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1 hour ago, Mjit said:

Was skiing with friends a few weeks back, sharing a minibus hired from Geneva airport.  'Car' came with a very big handbook that I'm sure was full of useful information.  Buggered if I could quickly find out how tall the badger was though, so we took the traditional approach - closed out eyes, clenched, and assumed it was under 2m entering the multi-story car park :D

I can't bare the suspense, was it?😡

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that reminds me when we were first presented with audit testing  a Renault AE Magnum , never had to worry about heights with normal chassis cabs but we went under a low bridge and i suddenly thought heck will it fit  , you could look up the backside of the pigeons through the sun roof  . phew   could have been expensive

bit like driving a double  decker from the upstairs , brilliant things .

Pete 

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I drove home one late night from Dublin Airport and came to the toll on the M50, bombing along towards the barrier and suddenly realised a) there was an overhead height restriction and b) I was in the TD5 Discovery. There was an almighty bang when the roof bars hit the metal sign, which being on chains just swung up out of the way. Thankfully at that time of night there was no-one about bar the person in the booth, and I just threw the coins into the hopper and drove on. :(

 

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  • 2 weeks later...

Modern cars tend to annoy me usually for the simplest reasons. Yesterday it was the daughter's Fiesta - a grinding noise from the wheels as she drove along. The wheel nuts are 19mm; except that they're not. There's a chrome cover over them that can't be removed except by drilling or cutting which makes them slightly larger than 19mm, but less than 20, so neither socket will work. Advice on the Net - from a huge number of complaining owners - is to grip the cover with pliers and prise them off, except that there's no room to get pliers around the wheelnut. I managed to round one off completely with no movement whatsoever.

Eventually it occurred to me to try the wheelbrace that came with the car... except there isn't one, just an electric inflator and a bottle of goo. No spare wheel! Thankfully I have a Mondeo which uses the same wheel nuts, and has a wheelbrace, so I tried that and it fitted first time. Even with the wheelnuts off the car and in a vice the covers wouldn't budge. Luckily I had four spares, from when the locking nuts were fitted to mine, and I could use some of those. How on earth are you meant to do that at the roadside, maybe in the dark or wet, with no wheelbrace in the car and maybe no-one having the correct size of socket in theirs?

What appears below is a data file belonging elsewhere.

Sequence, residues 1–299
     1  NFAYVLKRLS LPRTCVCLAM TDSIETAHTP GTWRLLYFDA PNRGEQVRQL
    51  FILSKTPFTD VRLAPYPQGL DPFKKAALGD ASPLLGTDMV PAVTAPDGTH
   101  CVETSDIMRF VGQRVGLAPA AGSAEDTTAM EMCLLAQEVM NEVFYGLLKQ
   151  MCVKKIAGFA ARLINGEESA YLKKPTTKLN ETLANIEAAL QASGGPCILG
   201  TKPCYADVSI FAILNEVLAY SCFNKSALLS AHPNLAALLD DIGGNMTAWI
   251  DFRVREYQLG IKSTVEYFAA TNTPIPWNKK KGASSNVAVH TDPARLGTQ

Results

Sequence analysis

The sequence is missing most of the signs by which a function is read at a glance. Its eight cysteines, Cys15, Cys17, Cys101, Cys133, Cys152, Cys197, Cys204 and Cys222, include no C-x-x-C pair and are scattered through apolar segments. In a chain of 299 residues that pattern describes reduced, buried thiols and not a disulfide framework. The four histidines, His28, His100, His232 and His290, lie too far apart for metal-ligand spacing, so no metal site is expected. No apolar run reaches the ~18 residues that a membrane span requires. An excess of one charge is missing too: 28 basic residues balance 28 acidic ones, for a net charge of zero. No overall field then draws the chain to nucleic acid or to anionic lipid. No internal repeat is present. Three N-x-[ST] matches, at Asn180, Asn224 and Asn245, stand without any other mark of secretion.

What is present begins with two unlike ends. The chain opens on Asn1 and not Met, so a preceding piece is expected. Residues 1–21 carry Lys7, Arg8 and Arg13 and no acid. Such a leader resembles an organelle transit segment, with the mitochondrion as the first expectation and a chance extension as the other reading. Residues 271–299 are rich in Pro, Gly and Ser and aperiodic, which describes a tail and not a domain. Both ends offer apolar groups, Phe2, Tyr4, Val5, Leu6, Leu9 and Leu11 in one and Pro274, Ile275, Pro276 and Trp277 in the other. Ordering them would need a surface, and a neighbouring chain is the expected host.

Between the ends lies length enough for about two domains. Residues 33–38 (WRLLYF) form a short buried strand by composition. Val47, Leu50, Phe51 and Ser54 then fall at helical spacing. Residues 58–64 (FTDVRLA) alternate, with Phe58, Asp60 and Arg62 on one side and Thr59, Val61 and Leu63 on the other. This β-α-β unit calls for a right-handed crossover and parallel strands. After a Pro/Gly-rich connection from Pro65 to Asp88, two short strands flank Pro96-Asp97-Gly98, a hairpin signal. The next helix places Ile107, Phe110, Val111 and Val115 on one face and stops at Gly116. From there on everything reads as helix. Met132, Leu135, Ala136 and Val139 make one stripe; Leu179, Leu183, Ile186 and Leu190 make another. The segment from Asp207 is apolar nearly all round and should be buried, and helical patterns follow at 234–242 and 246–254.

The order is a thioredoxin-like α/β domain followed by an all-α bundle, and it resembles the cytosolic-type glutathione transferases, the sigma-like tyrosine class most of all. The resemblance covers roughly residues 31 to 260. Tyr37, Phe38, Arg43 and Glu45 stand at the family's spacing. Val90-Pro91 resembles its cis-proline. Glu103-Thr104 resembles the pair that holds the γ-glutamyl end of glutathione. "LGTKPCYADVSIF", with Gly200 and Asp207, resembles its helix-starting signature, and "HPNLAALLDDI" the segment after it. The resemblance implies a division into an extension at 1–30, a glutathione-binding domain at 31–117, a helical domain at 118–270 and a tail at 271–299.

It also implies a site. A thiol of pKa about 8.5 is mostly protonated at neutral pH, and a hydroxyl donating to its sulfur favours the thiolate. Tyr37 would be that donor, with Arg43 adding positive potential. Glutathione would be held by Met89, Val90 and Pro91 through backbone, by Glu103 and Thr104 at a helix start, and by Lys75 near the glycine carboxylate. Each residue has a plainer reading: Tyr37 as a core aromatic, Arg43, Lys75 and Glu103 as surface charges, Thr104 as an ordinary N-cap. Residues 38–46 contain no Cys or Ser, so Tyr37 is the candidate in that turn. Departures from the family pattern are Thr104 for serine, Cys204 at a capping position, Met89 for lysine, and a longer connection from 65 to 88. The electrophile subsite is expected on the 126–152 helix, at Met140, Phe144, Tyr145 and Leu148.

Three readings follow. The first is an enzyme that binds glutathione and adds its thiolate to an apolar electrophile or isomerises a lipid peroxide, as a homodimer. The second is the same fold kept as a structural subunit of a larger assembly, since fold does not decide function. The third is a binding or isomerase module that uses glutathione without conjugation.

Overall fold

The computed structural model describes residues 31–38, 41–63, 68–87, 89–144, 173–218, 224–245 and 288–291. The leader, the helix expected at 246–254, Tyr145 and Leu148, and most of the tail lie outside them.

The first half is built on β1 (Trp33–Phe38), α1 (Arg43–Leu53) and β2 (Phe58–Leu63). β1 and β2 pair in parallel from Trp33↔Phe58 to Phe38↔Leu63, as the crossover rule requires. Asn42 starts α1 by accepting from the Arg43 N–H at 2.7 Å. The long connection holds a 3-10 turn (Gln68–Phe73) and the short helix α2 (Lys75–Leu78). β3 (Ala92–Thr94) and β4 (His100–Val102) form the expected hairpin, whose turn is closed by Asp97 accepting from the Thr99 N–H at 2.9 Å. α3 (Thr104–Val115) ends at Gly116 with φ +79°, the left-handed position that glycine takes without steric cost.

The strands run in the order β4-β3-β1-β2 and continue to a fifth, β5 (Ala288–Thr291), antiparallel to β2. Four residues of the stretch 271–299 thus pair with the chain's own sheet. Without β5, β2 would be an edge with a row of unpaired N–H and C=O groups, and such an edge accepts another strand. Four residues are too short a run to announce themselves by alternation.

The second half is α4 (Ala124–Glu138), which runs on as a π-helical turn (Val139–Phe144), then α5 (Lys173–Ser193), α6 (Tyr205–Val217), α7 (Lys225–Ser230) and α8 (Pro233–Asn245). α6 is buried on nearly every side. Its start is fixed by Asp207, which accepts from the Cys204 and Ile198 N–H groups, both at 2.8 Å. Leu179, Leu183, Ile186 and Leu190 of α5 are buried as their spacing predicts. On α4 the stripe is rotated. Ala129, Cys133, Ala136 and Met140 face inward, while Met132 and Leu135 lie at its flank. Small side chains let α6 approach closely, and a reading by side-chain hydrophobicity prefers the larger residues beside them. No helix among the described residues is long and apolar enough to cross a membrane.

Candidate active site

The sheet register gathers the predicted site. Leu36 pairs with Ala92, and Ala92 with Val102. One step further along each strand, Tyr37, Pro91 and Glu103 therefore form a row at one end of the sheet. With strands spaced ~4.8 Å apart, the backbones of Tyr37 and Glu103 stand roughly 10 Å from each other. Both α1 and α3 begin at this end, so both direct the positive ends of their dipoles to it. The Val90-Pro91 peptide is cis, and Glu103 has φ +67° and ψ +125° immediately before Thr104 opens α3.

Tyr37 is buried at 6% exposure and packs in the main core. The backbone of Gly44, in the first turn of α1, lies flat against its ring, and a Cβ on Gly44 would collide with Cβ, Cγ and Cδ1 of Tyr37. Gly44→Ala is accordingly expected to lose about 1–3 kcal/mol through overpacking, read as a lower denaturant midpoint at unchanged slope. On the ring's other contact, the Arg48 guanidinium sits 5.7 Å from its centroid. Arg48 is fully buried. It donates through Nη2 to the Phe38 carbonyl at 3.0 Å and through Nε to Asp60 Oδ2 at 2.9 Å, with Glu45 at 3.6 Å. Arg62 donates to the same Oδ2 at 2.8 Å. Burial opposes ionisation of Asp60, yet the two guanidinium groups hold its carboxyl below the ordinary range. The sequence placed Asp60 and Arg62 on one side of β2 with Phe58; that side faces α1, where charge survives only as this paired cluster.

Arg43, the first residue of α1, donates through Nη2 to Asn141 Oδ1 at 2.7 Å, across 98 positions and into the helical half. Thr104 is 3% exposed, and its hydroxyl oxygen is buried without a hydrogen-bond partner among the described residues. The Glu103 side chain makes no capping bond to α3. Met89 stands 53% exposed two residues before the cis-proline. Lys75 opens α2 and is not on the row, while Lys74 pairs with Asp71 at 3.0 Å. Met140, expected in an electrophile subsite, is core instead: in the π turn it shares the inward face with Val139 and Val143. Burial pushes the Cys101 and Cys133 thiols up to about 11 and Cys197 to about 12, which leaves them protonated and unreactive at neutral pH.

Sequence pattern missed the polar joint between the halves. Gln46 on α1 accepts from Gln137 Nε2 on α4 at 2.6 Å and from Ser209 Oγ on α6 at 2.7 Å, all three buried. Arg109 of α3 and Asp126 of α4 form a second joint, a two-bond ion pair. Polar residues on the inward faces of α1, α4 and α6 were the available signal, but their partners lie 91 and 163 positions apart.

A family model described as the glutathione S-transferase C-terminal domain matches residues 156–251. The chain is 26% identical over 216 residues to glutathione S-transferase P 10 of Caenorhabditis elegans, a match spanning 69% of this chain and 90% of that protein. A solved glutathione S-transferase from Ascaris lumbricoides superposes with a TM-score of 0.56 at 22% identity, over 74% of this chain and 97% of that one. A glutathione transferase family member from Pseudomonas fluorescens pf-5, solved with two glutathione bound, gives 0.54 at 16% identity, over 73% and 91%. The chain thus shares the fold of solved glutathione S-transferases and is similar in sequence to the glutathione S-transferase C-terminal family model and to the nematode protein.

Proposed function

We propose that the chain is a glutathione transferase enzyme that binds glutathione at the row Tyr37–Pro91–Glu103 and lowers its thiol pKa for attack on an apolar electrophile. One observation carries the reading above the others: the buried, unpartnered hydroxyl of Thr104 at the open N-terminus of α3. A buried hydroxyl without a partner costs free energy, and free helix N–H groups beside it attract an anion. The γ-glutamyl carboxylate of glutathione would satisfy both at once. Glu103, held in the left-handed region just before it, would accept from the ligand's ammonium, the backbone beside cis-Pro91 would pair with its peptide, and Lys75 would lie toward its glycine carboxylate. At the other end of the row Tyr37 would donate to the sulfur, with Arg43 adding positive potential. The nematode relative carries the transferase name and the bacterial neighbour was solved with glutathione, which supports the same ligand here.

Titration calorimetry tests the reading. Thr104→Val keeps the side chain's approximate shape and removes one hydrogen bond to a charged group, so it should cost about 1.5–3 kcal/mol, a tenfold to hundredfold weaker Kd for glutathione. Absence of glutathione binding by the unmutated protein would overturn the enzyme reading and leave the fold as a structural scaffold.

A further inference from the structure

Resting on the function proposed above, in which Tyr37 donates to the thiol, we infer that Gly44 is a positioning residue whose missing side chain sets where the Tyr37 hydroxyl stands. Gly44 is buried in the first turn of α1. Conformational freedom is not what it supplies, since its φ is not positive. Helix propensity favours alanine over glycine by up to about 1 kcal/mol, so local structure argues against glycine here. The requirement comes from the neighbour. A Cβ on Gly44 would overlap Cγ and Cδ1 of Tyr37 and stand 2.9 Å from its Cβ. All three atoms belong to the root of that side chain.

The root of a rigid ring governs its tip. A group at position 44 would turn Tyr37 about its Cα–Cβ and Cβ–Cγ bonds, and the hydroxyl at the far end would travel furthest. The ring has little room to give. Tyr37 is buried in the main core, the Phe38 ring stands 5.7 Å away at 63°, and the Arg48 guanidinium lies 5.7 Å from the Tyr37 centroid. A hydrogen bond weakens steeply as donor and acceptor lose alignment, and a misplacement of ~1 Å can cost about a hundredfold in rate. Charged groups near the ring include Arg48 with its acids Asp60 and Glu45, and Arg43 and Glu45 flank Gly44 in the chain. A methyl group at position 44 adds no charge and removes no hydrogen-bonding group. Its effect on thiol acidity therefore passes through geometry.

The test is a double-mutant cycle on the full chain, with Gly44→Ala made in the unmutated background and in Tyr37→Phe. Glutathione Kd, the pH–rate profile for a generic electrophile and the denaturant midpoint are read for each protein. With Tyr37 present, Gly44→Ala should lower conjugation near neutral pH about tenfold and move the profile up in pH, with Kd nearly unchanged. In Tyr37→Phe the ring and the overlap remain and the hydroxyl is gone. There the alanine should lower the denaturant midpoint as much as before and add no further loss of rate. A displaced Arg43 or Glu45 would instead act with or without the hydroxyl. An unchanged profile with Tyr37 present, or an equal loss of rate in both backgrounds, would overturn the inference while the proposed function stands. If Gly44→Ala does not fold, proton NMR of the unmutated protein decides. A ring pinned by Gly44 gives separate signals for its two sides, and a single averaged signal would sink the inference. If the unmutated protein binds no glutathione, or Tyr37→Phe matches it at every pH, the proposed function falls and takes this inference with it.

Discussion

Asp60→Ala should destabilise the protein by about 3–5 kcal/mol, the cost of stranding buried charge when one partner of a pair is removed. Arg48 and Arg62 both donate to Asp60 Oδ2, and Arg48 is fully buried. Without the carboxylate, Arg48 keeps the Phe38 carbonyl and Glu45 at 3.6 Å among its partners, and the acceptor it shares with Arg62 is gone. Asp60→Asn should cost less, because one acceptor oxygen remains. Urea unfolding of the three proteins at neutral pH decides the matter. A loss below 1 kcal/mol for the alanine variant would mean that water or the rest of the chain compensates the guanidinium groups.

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  • 10 months later...

Spent an hour this morning trying to find the oil filter on a Mondeo for an oil change... eventually had to come indoors and search the Net. It required a 27mm socket, which due to the restricted access had to be a spanner rather than a socket. The sump plug also needed a 21mm socket. I think the engine has to come out to do it properly.

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my son had a Xtrail with full service record needs a oil change like youres needs a big spanner , the  alloy filter housing had been done up 

by some gorilla years back and to get any effort on it removed  the whole assembly , so in a vice the filter hsg disintegrated rather than un do

the filter was completely stuffed  full of grot never been changed for ages ,  new cover sourced and all refitted    just what you want on a 

saturday afternoon 

why not just  a simple spin on ????

Pete

 

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2 hours ago, Pete Lewis said:

why not just  a simple spin on ????

Pete

 

It's supposed to be regular maintenance, not a complete rebuild. I must confess to having owned that car for about 15 months now and this was the first oil change I've performed on it, it's covered about 8000 miles and the dealer was supposed to have performed a pre-sale service but the filter was unbelievably yucky. It also points upwards out of the side of the engine block, with about two inches access, so once the cover is unscrewed all of the oil dumps down the block, especially after you negotiate all the little pipes and cables around it. I hope it appreciates it.